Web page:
Feb 18 – 26, 2021
Europe/Rome timezone

The GERDA experiment in the search for neutrinoless double-beta decay

Feb 23, 2021, 11:00 AM
Room 1 (https://unipd.link/NeuTel-ParallelRoom1)

Room 1


Parallel Contributed Talk Neutrino Masses and Mixings Double Beta decays and Neutrino Masses


Tommaso Comellato (Technical University of Munich)


Neutrinoless double beta decay (0νββ) is a hypothetical lepton number violating nuclear process which creates matter without a compensation of anti-matter. If observed, it would give an insight on why our universe is predominantly composed of matter. Furthermore, it would reveal the Majorana nature of neutrinos, namely that they are equal to their anti-matter counterpart, and possibly explain why their mass is so small.
Since 2011, the GERDA collaboration has searched for 0νββ of $^{76}$Ge by operating bare germanium detectors, enriched in the double-beta decaying isotope $^{76}$Ge, in liquid argon. Exploiting the combination of excellent energy resolution of germanium and scintillating properties of argon, the GERDA experiment succeeded to perform a background-free search of 0νββ for the entire duration of its Phase II.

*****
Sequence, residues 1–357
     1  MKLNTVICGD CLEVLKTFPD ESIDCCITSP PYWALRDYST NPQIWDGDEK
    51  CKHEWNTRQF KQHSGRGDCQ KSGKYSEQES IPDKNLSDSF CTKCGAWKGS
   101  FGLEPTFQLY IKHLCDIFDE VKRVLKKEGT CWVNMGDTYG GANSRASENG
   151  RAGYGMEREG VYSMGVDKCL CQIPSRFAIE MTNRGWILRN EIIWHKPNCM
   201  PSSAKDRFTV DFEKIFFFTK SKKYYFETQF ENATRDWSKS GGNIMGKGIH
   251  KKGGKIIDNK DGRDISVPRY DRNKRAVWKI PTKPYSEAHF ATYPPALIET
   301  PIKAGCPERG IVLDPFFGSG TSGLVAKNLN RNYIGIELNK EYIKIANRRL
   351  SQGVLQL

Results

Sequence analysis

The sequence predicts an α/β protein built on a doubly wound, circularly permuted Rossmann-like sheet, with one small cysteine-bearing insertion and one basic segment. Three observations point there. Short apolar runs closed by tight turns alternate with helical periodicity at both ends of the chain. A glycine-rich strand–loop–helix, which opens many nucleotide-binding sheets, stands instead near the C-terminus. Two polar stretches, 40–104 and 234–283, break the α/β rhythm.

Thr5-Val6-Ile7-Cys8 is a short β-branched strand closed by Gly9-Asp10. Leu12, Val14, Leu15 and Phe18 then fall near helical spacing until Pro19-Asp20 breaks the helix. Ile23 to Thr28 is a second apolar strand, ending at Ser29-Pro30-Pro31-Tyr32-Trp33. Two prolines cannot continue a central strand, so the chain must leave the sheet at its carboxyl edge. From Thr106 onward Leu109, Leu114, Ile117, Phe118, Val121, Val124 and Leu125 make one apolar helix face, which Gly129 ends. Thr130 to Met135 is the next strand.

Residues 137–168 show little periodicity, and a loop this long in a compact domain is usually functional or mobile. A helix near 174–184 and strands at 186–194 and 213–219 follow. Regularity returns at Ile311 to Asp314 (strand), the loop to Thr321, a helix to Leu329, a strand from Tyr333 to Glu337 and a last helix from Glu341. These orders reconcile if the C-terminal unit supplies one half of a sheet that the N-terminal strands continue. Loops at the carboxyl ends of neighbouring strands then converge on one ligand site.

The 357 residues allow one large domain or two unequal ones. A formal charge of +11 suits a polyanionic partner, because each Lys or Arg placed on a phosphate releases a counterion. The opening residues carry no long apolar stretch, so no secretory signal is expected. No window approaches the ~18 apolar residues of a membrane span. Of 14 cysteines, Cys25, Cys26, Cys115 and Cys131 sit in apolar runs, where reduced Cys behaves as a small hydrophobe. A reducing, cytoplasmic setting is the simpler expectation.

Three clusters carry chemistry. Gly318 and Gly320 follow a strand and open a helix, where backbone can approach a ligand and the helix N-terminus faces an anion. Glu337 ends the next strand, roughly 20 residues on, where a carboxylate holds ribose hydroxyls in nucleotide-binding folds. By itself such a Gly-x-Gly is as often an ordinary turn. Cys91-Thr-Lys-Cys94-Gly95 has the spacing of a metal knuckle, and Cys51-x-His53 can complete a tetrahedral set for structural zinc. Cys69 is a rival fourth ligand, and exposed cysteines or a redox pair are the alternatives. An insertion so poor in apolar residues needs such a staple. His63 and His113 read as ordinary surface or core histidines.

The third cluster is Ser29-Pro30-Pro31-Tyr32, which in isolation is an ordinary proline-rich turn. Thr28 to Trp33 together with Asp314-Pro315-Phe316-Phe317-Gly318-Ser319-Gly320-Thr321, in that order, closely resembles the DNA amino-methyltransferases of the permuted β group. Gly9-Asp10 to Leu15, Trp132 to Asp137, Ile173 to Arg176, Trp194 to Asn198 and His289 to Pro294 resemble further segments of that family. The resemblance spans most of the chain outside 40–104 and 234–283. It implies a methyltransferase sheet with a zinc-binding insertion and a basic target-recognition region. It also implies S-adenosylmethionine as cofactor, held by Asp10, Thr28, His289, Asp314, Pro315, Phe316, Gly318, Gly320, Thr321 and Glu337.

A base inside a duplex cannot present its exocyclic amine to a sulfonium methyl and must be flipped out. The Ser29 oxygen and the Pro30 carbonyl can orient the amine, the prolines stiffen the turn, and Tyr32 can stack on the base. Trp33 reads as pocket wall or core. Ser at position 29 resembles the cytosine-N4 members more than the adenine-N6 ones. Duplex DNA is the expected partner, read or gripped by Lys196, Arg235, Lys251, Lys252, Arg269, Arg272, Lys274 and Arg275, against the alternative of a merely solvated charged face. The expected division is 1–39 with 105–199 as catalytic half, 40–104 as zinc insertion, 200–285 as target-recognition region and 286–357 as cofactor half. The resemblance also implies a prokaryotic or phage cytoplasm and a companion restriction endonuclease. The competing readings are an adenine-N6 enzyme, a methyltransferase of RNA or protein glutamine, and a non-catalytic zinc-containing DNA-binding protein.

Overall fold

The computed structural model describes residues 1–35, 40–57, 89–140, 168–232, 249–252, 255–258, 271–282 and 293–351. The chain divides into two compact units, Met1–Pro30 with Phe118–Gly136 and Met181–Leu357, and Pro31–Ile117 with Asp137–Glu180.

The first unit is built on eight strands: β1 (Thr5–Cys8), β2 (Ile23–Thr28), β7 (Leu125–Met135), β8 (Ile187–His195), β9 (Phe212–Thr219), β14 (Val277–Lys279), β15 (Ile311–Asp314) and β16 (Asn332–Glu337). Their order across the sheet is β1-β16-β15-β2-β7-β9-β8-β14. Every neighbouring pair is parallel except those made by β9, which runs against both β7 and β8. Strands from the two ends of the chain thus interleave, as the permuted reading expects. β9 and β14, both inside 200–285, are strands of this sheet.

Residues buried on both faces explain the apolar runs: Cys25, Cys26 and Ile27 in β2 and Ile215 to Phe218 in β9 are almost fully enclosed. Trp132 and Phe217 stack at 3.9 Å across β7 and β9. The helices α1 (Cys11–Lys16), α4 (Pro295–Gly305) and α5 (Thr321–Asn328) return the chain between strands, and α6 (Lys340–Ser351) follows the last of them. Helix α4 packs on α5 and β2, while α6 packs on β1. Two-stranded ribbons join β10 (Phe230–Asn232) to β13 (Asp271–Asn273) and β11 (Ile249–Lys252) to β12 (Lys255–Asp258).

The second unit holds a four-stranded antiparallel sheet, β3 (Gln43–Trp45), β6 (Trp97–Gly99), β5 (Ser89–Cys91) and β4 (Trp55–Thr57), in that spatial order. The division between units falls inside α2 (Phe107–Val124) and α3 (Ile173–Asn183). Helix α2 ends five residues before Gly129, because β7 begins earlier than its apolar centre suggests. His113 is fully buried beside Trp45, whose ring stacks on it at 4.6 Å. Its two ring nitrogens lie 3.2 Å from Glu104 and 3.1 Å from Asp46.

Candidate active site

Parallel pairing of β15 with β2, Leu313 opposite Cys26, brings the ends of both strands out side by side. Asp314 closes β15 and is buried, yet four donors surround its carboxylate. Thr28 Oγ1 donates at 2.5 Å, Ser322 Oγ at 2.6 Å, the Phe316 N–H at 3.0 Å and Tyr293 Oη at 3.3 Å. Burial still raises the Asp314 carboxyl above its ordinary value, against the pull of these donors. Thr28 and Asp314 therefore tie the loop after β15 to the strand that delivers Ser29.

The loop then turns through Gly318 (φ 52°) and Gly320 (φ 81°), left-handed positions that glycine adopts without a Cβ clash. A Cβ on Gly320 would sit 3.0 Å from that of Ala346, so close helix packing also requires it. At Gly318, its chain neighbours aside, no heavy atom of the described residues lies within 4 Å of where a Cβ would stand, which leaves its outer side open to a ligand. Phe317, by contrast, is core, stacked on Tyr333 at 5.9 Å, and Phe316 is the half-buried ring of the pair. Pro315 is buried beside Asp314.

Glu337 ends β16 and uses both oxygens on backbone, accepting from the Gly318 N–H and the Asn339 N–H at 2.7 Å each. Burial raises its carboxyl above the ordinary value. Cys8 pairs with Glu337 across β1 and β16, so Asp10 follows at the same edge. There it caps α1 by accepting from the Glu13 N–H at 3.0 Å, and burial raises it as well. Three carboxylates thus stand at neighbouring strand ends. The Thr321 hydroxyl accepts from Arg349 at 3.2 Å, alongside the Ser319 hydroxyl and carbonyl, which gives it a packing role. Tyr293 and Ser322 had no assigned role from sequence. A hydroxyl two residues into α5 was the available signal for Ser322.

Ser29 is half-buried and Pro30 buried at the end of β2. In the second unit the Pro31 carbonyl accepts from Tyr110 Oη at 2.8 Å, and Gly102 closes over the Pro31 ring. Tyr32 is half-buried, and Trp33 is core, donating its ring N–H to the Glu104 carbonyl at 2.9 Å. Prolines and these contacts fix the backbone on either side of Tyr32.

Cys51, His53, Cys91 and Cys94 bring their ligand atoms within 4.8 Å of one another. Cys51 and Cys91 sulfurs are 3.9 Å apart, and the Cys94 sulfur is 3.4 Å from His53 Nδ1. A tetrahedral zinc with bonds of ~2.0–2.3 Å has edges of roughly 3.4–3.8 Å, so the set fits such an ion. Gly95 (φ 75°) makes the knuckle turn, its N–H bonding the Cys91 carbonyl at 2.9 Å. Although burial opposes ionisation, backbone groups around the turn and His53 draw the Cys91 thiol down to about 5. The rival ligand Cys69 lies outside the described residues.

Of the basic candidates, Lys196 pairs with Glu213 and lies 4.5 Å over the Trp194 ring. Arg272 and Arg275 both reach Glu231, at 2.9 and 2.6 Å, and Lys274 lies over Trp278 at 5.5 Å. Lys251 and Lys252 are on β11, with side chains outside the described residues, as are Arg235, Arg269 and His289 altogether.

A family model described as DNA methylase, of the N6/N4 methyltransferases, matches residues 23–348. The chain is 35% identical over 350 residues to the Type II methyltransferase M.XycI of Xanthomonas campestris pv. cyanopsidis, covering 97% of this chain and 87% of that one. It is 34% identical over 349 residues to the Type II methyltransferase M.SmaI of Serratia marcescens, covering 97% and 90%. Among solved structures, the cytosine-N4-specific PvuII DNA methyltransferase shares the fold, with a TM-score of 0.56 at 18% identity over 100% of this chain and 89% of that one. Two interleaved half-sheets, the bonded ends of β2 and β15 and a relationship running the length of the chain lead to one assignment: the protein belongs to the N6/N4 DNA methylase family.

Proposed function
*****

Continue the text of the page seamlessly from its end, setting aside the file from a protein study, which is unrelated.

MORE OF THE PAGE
In November 2019, after fulfilling and exceeding the design goals of the experiment, data taking was stopped. No signal has been observed, hence a lower limit on the half-life of 0νββ in $^{76}$Ge has been set at $T_{1/2}>1.8 \times 10^{26}$ years at 90% C.L..
At this talk the final results of the GERDA experiment will be presented.

Collaboration name GERDA

Primary author

Tommaso Comellato (Technical University of Munich)

Presentation materials